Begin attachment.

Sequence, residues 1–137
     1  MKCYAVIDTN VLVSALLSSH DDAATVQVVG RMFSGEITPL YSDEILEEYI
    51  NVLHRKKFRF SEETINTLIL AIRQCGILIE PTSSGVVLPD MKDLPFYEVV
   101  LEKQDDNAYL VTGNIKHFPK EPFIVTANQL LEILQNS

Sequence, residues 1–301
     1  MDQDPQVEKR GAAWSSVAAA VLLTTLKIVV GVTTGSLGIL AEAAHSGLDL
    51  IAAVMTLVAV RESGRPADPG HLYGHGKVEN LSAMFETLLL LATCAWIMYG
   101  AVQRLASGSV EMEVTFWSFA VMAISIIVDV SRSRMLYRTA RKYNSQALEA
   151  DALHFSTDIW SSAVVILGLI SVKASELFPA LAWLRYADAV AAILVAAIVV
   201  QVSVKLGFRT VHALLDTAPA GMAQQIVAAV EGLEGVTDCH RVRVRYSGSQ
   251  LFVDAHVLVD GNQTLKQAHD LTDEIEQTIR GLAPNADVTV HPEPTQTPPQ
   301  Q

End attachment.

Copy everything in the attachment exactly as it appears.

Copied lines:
Sequence, residues 1–137
     1  MKCYAVIDTN VLVSALLSSH DDAATVQVVG RMFSGEITPL YSDEILEEYI
    51  NVLHRKKFRF SEETINTLIL AIRQCGILIE PTSSGVVLPD MKDLPFYEVV
   101  LEKQDDNAYL VTGNIKHFPK EPFIVTANQL LEILQNS

Sequence, residues 1–301
     1  MDQDPQVEKR GAAWSSVAAA VLLTTLKIVV GVTTGSLGIL AEAAHSGLDL
    51  IAAVMTLVAV RESGRPADPG HLYGHGKVEN LSAMFETLLL LATCAWIMYG
   101  AVQRLASGSV EMEVTFWSFA VMAISIIVDV SRSRMLYRTA RKYNSQALEA
   151  DALHFSTDIW SSAVVILGLI SVKASELFPA LAWLRYADAV AAILVAAIVV
   201  QVSVKLGFRT VHALLDTAPA GMAQQIVAAV EGLEGVTDCH RVRVRYSGSQ
   251  LFVDAHVLVD GNQTLKQAHD LTDEIEQTIR GLAPNADVTV HPEPTQTPPQ
   301  Q